Marie Kondo and Misplaced Gratitude

Here is the photographic evidence that I owe Marie Kondo a thank you note:

Roy G. Biv is in the building.

This is my husband’s t-shirt drawer. Over the course of our marriage, this is a space that has often been a source of calamity and compromise, dispute and discord, hoarding and helicoptering. But now, you see, he is drinking the Kool-Aid out of perfectly color-sorted packets. He even reports he “likes it” as he can see what shirts are available and clean. (I’m not rolling my eyes…I’m just looking at my eyebrows.) All this after just a couple YouTube videos. But let’s go back.

A month ago, I was laid up with the flu. Like, off my feet sick. This was very uncomfortable for my husband who was down a teammate and therefore entirely responsible for the feeding, watering, and ponytailing of two small girls for a full three days, and maybe slightly only less uncomfortable for me, laid up on the couch, focusing on keeping both my Netflix and Gatorade intake in equal proportion.

It’s been hard to avoid the Marie Kondo landslide (just ask the secondhand stores). Three days with the flu—I had nothing better to do—so I caved to peer pressure and watched. Almost the whole season. And it was fascinating. And helpful. And did you see Roy G. Biv?? And hey, all that viewing time even inspired a fun “Marie Kinda” challenge highlighting how kids “organize toys” on the @sameheresisterfriend Instagram.

But for the believer in Jesus, we can’t just watch a season of Marie and walk away with a satisfied “humph” and the resolve to do better in the decluttering of all our spaces, be they physical or mental. When we view media with what my pastor calls our gospel goggles, we have a plumb line to measure against. Where do we see redemption? Where do we see the effects of the fall? Where are we tempted to rely on something other than Christ’s completed work to make this world not hurt so bad?

We showed our girls a couple of Marie’s YouTube videos. No surprise, they were likewise hypnotized, stoked, and ready to learn to fold. (What is it?? Is it her voice? Her untangleable hair? Her immaculately tailored skirts? I really just need an audio recording of Marie saying “Put on your shoes and get in the car” and a solid half of my girls’ obedience issues would shimmy away.) Within seconds of viewing, my bitties were mimicking Marie’s calm, measured manner of folding, and more notably, lovingly smoothing and patting the items in the way she had…in the way Marie demonstrated giving thanks to the item.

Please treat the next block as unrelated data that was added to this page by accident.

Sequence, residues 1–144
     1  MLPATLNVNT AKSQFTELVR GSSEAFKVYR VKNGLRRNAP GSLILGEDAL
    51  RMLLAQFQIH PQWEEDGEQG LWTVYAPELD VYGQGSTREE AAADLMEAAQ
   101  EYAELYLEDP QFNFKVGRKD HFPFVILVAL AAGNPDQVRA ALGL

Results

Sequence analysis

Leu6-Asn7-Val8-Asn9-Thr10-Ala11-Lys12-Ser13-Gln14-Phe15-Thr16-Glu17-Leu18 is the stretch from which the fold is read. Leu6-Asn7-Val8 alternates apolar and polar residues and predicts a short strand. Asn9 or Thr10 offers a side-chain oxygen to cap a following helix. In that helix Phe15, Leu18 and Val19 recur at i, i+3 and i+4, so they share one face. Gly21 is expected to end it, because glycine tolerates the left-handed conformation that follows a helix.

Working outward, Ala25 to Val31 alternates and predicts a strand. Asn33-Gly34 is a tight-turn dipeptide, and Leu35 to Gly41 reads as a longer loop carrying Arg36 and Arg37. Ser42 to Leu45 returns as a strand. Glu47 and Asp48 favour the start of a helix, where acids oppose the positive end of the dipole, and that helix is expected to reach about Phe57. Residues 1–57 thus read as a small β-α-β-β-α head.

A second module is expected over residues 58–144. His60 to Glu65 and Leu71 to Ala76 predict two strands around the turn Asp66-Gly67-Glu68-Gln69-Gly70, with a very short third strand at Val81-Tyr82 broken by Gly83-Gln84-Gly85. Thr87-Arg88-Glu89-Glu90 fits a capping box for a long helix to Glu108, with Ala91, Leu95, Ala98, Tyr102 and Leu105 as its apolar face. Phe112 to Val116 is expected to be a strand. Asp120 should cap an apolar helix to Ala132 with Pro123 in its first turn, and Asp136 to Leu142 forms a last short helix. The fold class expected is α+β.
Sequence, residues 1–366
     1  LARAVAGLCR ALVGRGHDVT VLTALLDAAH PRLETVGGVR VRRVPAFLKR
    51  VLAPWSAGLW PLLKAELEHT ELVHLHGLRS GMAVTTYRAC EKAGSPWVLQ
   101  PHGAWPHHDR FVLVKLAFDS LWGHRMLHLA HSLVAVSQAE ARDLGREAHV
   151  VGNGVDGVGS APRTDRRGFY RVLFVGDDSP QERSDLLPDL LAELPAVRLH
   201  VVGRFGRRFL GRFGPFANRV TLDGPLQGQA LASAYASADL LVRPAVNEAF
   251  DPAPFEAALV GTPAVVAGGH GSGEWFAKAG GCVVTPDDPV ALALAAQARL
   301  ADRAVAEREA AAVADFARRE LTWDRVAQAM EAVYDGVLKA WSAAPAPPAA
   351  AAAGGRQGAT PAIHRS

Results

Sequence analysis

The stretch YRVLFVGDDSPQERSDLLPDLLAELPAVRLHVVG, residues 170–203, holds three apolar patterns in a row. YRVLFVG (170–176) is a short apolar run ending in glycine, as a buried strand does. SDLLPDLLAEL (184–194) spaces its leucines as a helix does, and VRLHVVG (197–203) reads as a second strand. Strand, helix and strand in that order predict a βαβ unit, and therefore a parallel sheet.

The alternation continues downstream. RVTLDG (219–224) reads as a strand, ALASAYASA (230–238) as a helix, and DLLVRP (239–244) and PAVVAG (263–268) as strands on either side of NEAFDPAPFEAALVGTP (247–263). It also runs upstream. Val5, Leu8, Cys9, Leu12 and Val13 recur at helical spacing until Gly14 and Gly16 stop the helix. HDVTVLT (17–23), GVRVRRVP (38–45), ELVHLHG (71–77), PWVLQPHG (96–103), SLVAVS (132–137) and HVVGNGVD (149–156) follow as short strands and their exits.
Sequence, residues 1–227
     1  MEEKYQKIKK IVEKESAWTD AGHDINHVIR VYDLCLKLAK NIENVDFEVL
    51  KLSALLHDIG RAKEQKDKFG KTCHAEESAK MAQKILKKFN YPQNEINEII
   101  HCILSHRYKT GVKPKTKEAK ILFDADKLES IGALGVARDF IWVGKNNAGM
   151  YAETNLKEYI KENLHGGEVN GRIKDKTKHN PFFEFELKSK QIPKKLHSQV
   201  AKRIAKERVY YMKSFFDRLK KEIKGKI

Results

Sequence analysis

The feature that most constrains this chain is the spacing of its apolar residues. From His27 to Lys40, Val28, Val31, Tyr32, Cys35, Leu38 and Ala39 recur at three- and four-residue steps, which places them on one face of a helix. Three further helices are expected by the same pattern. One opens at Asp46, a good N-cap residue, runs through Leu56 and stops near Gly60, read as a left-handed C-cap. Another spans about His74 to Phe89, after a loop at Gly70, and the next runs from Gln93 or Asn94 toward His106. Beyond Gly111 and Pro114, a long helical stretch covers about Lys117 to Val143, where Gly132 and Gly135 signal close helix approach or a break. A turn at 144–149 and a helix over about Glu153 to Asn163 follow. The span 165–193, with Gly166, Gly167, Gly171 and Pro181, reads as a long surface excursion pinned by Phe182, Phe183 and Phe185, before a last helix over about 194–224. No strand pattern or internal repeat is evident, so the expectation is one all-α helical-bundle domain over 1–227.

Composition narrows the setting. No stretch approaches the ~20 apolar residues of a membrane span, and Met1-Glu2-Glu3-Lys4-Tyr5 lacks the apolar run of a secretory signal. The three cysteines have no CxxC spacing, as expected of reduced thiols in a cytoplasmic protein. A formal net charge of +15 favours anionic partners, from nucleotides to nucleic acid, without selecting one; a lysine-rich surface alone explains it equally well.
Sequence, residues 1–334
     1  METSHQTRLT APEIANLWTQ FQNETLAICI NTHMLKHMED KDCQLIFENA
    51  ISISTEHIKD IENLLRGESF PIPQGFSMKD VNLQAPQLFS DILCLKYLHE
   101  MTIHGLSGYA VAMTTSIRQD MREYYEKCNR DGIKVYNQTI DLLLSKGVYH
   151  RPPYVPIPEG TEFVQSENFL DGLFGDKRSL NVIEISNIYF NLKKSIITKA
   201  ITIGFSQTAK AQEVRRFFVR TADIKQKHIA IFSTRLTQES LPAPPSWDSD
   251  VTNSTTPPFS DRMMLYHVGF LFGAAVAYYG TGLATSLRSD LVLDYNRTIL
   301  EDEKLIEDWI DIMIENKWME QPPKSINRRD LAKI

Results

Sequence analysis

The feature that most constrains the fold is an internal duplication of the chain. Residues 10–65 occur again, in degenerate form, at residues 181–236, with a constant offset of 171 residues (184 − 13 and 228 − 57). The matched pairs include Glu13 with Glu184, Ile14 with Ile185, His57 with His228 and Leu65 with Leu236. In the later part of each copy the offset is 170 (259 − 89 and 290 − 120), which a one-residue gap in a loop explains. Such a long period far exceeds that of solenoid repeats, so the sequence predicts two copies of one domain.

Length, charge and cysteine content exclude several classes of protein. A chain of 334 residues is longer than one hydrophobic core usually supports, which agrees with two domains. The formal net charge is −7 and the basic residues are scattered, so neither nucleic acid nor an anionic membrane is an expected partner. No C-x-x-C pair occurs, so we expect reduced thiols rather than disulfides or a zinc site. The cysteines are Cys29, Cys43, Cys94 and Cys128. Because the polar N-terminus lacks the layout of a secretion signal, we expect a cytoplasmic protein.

Ruh roh, Velma. I think I spy Vincent Van Ghoul. 

Yes, for those who haven’t watched the show, Marie frequently demonstrates how to give thanks to the item—for example, a dress or t-shirt—for the part it has played in covering and protecting a loved one. The red flags were a-waving. I spied opportunity.

“Bitty, do you love that t-shirt the dentist gave you?”

“Yes, mama. It’s my favorite.”

“Who can we thank for giving us a favorite t-shirt?”

We could start with the dentist (solid guy), or even daddy for working hard to provide the income that allows for the dentist visit (five-star guy), and then there’s mommy who puts her germophobia aside each time she braves a healthcare provider’s office (TRUE STORY), or even sister, for not swiping the shirt the minute it came home (strong choice), or even the shirt for being so cute and having canoeing bears on it…but nah…none of this feels fully right, does it, believer?

Ultimately, this discussion is going to take us to one place and one place only: to the God who knows all our needs (Matt. 6:8), provides for every one of them in His perfect big-picture way (Phil. 4:19), who has only to be asked when we feel we are lacking (Ps. 81:10), who longs to be the first one we go to when we experience a felt need (Phil. 4:6), and who is good even in the no’s (Rom. 8:28). This God cares about beloved dentist t-shirts and baby teeth, pretty dresses and pretty hearts, and He cares where we direct our gratitude, and where we teach our children to direct theirs. And He makes it clear in His word that we are to look up up up to the God who provides in every way and not down to the provision that moth or rust or Kool-Aid will soon destroy.

So pat away. Lovingly fold and coddle that item in just the way Marie showed us, smoothing out the wrinkles and preparing it to take its spot in the Skittles factory that has become my husband’s drawer. But as we do, may we give thanks—even out loud—to the real source of the gift, the God who loved us enough to send the best gift ever in His son Jesus, and teach our bitties to do the same.

xo, Holly Mackle from @sameheresisterfriend